- By Betsy Abraham
- Published: November 17th, 2010
Not many people get the honor of singing at the National Day of Prayer in front of dignitaries, senators and former President George W. Bush. But for soprano soloist Beth Porter, singing at the White House was trumped by an event much more personal.
“It will sound funny, but I was privileged enough to sing at my mother’s funeral, and I feel like that was really the culmination of everything for me,” Porter said. “To sing at the White House was a tremendous honor but on a spiritual and emotional level, the (highlight for me) was to sing at her funeral and honor her in that way and not fall apart. It was not my best singing, but it was my most heartfelt singing. I felt God’s presence with me in a powerful way and it was pretty incredible. ”
Family has played a tremendous role in the life of Porter, who was the third artist to perform at the Center for Worship’s Christian Artist Series Monday, Oct. 8.
Accompanied by pianist Amy Hutchinson, Porter sang a diverse selection of songs in front of students and faculty.
Two of these songs were written by her father James D. Cram, who died when Porter was only 13.
“I haven’t had my dad in my life for the past 37 years, so singing his music reminds me of when I had a dad and what a good dad he was. It makes me feel connected to him,” Porter said.
The daughter of a college professor of music and musician, Porter grew up constantly surrounded by music.
She played piano and violin as a child, but discovered her love for singing when she joined the choir in high school.
She then went on to get a degree in music at Baylor University and a master’s degree in voice at Western Carolina University.
She began teaching at Cedarville University in 1997 and is now the chair of the Department of Music, Art and Worship as well as the Women’s Choir director.
In March 2004, when Porter sang “Jesus, Lover of my Soul” for Cedarville University’s daily chapel service, the chapel speaker was especially impressed.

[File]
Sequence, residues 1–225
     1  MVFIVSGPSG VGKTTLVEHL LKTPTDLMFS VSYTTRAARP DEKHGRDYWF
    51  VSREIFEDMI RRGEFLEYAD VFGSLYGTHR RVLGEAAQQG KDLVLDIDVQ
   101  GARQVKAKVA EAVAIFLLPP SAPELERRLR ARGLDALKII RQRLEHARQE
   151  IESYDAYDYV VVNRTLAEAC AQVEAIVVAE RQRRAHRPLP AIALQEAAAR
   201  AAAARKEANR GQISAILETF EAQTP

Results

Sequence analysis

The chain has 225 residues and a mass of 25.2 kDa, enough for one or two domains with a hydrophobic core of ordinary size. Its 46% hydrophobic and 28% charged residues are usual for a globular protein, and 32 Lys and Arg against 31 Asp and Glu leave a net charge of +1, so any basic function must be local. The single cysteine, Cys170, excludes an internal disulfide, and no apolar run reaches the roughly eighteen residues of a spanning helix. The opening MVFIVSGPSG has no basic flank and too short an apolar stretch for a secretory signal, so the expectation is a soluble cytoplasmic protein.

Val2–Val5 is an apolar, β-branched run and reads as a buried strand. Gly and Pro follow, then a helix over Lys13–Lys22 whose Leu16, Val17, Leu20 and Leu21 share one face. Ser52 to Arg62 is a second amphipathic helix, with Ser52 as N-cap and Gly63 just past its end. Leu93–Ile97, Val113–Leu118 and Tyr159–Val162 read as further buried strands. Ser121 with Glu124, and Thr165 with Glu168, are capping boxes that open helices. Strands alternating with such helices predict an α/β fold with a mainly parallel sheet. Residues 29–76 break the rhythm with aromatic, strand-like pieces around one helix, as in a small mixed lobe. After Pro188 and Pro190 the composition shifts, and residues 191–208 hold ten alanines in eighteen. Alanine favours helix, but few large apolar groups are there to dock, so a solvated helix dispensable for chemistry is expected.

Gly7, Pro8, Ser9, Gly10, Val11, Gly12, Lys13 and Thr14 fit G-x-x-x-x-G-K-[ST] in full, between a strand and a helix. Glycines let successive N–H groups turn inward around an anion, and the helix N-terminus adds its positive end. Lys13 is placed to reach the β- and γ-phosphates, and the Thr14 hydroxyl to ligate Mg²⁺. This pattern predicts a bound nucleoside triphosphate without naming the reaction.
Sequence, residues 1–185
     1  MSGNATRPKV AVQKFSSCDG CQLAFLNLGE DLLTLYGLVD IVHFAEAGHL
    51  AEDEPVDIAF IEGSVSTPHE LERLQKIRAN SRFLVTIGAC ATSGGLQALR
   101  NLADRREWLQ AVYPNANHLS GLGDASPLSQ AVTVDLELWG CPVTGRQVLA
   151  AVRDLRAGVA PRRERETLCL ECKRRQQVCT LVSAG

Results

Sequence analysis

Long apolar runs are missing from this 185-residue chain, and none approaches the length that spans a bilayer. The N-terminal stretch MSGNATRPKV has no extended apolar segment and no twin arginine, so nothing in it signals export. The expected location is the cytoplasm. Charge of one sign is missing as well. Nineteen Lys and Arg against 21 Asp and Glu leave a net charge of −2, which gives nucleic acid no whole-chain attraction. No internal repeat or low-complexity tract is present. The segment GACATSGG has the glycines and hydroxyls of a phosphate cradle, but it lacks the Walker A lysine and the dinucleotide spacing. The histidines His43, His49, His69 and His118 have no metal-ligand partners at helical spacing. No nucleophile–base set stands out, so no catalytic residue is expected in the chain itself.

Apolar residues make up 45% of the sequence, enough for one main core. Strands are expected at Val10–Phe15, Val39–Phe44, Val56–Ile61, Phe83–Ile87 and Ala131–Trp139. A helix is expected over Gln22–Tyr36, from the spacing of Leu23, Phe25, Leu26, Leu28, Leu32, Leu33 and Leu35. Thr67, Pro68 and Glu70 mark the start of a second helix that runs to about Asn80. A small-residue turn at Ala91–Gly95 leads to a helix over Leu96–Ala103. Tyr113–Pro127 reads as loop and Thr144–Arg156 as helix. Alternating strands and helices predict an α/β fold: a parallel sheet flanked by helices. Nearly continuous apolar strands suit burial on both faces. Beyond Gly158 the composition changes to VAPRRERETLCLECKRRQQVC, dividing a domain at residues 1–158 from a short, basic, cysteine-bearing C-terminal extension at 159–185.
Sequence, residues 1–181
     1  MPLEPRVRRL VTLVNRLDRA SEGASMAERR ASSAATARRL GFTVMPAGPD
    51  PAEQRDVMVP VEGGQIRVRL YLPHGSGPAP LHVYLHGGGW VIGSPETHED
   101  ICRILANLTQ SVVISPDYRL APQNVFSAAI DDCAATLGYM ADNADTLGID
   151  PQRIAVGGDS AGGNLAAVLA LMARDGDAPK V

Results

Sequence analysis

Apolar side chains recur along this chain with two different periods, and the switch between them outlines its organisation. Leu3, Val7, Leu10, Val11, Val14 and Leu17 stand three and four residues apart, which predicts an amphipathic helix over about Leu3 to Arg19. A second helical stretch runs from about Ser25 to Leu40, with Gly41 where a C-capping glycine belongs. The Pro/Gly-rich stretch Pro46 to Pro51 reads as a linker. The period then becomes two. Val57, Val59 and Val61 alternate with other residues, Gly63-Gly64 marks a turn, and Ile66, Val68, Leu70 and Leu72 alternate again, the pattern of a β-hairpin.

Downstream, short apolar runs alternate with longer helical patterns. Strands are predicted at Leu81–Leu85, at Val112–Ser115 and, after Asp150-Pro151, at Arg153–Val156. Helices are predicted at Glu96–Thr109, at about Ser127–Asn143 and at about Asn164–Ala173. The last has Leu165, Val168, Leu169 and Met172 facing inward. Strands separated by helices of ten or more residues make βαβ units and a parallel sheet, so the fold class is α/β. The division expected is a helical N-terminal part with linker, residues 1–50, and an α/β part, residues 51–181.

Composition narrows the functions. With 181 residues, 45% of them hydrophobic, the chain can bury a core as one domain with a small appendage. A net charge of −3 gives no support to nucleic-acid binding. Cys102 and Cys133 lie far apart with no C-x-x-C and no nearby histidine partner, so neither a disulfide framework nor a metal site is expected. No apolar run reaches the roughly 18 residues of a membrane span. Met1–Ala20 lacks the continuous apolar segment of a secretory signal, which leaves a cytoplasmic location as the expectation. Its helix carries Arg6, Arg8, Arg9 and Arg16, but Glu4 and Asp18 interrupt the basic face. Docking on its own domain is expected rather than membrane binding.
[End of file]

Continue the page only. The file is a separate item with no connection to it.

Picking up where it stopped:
The speaker that morning was Tim Goeglein, who at the time was the Deputy Director of the White House Office of Public Liaison and worked closely with Bush. When he got up to speak, he turned to Porter and complimented her generously.
“I’ve never been complimented like that in my life. It was so elegant and sincere, it was amazing,” Porter said.
After chapel ended, Porter thanked Goeglein for his kindness and introduced herself, adding that she was from Texas and would love to sing for Bush one day.
“I really thought I would never hear another thing about it,” Porter said. “But then four or five weeks later, my phone rang after chapel and this gentleman called from the White House.”
Porter was then invited to sing a solo at the National Day of Prayer, an experience that she called completely surreal.
“We were in the east wing of the White House, there were no barriers. We could sit in the furniture, we had a reception in the state dining room, the chaplain from the Senate and House of Representatives was there, (along with) all these dignitaries and President Bush. It was a beautiful day,” Porter said.
Vernon Whaley, director of the Center for Worship, said that all this experience is not what sets Porter apart as an artist. Rather, it is her ability to make the music relatable.
“What I like most about her is that she is able to take what is potentially very complicated music and make it understandable and enjoyable for the audience,” Whaley said.
Porter explained the historical background and message of each song she sang, relating to the audience the way the song was written correlates with the message the composer was trying to get across.
“Knowledge is power and truth is freeing. A lot of people say they don’t like (something) because they don’t know anything about it,” Porter said. “When they know something about it they feel intelligent when they listen. So I’m empowering my audience to listen with knowledge and truth. It makes music so much more real.”
Not only does Porter think it is important to educate the crowd, but she places special emphasis on having fun with her music and giving it life by expressing a wide range of emotions while she sings.